“We had failures that were catastrophic in nature. There is a lot of energy in this pipe, so when it failed, it was a significant event,” Gehrig said.
Something needed to be done
So, starting in the mid 1990s, the District attacked pipeline integrity in four ways.
It originally installed a cathodic protection system to protect the pipe’s wire wraps from corroding by connecting small metal devices called anodes to the wires, and then sending through a small electrical current.
District officials took steps to prevent surges in hydraulic pressure by carefully monitoring operations at its pump stations. Power interruptions at pump stations result in extreme pressure waves called “water hammer.” During an impromptu shut down, valves close in a carefully orchestrated ballet to abate water hammer pressure spikes.
They kept a closer eye on conditions near its pipelines to protect it from external threats such as making sure no one accidentally damaged or drilled into the line.
The biggest impact came in its inspection regimen and its risk-based pipe replacement program that keeps a close eye on the state of the system and where repairs are most needed. The District now tries to inspect each pipe every five to ten years for planning purposes.
To determine the condition of its pipes, the District worked with Pure Technologies to develop a device that can be pulled through its water mains to estimate the number of wire breaks. The equipment does this by sending electromagnetic signals through the pipe’s surface to discover how many of the metal wires embedded in the concrete have broken or become brittle, determining the remaining strength of the pipe.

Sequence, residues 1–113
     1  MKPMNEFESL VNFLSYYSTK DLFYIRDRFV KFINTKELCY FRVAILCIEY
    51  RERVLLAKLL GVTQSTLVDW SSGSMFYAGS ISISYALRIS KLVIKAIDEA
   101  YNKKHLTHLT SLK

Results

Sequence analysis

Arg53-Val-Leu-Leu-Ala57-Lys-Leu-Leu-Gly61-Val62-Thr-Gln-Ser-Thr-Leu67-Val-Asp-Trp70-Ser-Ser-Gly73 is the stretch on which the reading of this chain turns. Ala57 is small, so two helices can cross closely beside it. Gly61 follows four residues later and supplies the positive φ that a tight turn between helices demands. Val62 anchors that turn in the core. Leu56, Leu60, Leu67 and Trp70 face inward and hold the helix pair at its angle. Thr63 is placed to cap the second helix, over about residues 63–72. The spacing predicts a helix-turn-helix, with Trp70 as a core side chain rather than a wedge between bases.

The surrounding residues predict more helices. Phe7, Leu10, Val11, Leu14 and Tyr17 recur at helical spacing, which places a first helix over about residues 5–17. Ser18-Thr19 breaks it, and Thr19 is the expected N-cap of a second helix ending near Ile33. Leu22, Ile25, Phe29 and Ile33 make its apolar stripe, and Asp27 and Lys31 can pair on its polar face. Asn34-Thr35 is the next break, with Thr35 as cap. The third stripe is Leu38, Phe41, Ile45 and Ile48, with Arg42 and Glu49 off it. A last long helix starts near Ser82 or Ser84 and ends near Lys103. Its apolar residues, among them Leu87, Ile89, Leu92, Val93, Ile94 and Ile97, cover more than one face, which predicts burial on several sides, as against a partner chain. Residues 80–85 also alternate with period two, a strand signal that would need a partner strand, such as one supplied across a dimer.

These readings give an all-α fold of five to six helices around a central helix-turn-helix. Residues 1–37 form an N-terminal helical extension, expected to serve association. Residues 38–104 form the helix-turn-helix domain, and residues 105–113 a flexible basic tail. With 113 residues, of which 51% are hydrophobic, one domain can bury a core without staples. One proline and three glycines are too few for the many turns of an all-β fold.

Not all wire breaks are created equal. Where pipe is under greater pressure to push the water 70 to 80 miles away, like near the reservoirs, having 25 breaks is a bigger risk than having similar problems within a pipeline under less pressure and closer to the delivery point.
While the initial electromagnetic equipment was not as sleek as the ones used by Pure today – it looked more like a bunch of spare computer parts loaded on a big Radio Flyer red wagon – the inspection data revolutionized how the District maintains their pipeline systems.
“Getting the Pure inspection data really helps us know what is going on in our system,” said Courtney Jalbert, Infrastructure Integrity Manager for the District. It almost helps them predict a water line break. “The structural model tells us if we are going to have a failure.”
“The results of this program is that we’ve reduced the failure rates dramatically for Cedar Creek and for Richland Chambers,” Jalbert said.
Layered on top of the data on where potential problems may be, Jalbert said the District about five years ago began doing risk modeling. Is the pipeline in an open field, or is it near a railroad or business? Is it near a creek and hard to access? This will help determine where to go first for replacement and repair.
“We use probability of failure times the consequence and that gives us a risk number for every pipe in the system,” she said.
Approaching repairs in this way saves millions of dollars. While the District replaces 15 to 20 pipes a year, the price tag for making repairs at problem spots is a small percentage of what a full water line replacement would cost. Replacing a 24-foot, 72-inch pipe can cost up to $50,000, compared to spending up to $80 million on installing 10 miles of pipeline.
“It has extended the lifetime of our pipelines for decades, deferring tens of if not hundreds of millions dollars in expenses,” said Dan Buhman, Assistant General Manager for the District. “But more importantly it has made the pipeline more reliable by avoiding pipeline failures.”
“It is a critical component of us making sure the public never runs out of water.”